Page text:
“Flight of Fancy” explores themes of adolescent attraction, personal freedom, disappointment, and misunderstanding. There is a strong focus on the ego as part of the human experience and the way it disrupts relationships. The protagonist is guided via his perception of supposed “signals” of attraction and acts according to what he believes is expected of him. There is rarely a display of his honest feelings; rather, he often interprets the behavior of his female companion in terms of what the other boys at the school yard have told him. There is a mode of behavior, a template, which he believes dictates female displays of attraction. That mode is of course incorrect, but the protagonist is too young and inexperienced to escape that mentality. This exploration of the protagonist’s expectations is relevant today because it speaks to the very human difficulty of establishing stable relationships early into one’s life. Due to simple inexperience, a potential relationship can be abandoned or ruined based on perception and a lack of open communication.
There are many external hindrances to success throughout an individual’s lifetime, but, often, internal roadblocks can keep us from being who we aspire to be. How does fear of failure or survivor’s guilt factor into our self-confidence, self-esteem, or desire to achieve? How do fear and shame keep us immobile? Is it easier to accept mediocrity rather than take a chance and risk disaster? This story interprets a well-known Greek myth for a modern audience, reminding us there is a time and place for fearless acts if we are to reach our true potential.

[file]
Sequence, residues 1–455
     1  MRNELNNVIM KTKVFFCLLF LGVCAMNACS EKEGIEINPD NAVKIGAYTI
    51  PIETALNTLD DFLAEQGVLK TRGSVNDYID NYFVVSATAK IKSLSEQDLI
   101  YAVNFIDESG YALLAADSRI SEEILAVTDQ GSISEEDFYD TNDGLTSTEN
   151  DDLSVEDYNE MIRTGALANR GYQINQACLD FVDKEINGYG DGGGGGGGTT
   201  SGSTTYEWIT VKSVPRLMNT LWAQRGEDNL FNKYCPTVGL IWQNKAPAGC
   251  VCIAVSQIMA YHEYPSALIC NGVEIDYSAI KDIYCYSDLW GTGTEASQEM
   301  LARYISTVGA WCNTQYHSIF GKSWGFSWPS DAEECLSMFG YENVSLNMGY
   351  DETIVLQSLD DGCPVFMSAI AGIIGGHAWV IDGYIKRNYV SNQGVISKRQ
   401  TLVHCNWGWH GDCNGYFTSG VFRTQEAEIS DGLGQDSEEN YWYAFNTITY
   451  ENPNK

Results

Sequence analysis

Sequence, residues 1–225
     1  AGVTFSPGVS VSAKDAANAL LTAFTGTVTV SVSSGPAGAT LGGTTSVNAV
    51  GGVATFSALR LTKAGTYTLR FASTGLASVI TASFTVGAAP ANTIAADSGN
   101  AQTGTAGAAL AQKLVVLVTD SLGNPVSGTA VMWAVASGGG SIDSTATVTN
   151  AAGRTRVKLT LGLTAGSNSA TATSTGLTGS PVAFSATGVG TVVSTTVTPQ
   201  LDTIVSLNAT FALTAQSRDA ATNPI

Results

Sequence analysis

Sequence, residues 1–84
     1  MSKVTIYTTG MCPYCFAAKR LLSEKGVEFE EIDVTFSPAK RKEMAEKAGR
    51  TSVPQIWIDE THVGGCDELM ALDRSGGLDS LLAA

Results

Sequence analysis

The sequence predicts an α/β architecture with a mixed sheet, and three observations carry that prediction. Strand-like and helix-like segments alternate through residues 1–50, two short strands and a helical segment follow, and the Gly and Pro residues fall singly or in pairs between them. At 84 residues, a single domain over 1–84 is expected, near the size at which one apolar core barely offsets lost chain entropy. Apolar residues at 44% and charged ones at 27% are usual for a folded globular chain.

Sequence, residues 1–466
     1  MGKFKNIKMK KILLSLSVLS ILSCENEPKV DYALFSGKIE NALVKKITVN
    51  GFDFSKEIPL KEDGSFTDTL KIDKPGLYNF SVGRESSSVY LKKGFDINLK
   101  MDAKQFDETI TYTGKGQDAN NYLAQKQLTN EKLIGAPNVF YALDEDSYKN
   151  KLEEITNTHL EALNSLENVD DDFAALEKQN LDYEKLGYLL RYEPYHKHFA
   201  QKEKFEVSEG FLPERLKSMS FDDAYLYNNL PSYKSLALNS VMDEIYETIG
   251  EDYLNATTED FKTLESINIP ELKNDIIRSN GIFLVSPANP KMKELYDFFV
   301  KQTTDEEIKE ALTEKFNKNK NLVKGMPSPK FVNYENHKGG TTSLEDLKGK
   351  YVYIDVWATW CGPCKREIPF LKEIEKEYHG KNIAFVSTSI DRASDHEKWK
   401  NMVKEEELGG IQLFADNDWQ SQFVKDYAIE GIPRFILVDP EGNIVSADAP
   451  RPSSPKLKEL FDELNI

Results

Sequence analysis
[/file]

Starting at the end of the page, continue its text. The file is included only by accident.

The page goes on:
Is the impulse to commit suicide born of anger and aggression or desperation and fear? Can we make a generalizable claim regarding the reasons an individual takes his/her own life? Do we ever really understand the things we do, or are we just rationalizing our actions and the actions of others after the fact?